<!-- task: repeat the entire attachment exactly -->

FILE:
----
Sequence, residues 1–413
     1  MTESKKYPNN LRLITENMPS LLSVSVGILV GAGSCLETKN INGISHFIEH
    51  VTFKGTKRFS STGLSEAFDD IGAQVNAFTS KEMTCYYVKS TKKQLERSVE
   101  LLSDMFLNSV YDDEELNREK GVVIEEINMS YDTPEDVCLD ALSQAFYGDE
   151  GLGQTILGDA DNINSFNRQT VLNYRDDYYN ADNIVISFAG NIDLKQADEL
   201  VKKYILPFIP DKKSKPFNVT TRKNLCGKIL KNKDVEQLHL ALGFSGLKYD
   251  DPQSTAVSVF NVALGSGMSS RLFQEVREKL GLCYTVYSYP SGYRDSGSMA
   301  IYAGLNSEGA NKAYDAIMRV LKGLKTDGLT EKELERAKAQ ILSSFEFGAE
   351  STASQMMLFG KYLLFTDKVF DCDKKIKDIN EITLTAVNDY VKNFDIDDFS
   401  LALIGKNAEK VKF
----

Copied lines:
Sequence, residues 1–413
     1  MTESKKYPNN LRLITENMPS LLSVSVGILV GAGSCLETKN INGISHFIEH
    51  VTFKGTKRFS STGLSEAFDD IGAQVNAFTS KEMTCYYVKS TKKQLERSVE
   101  LLSDMFLNSV YDDEELNREK GVVIEEINMS YDTPEDVCLD ALSQAFYGDE
   151  GLGQTILGDA DNINSFNRQT VLNYRDDYYN ADNIVISFAG NIDLKQADEL
   201  VKKYILPFIP DKKSKPFNVT TRKNLCGKIL KNKDVEQLHL ALGFSGLKYD
   251  DPQSTAVSVF NVALGSGMSS RLFQEVREKL GLCYTVYSYP SGYRDSGSMA
   301  IYAGLNSEGA NKAYDAIMRV LKGLKTDGLT EKELERAKAQ ILSSFEFGAE
   351  STASQMMLFG KYLLFTDKVF DCDKKIKDIN EITLTAVNDY VKNFDIDDFS
   401  LALIGKNAEK VKF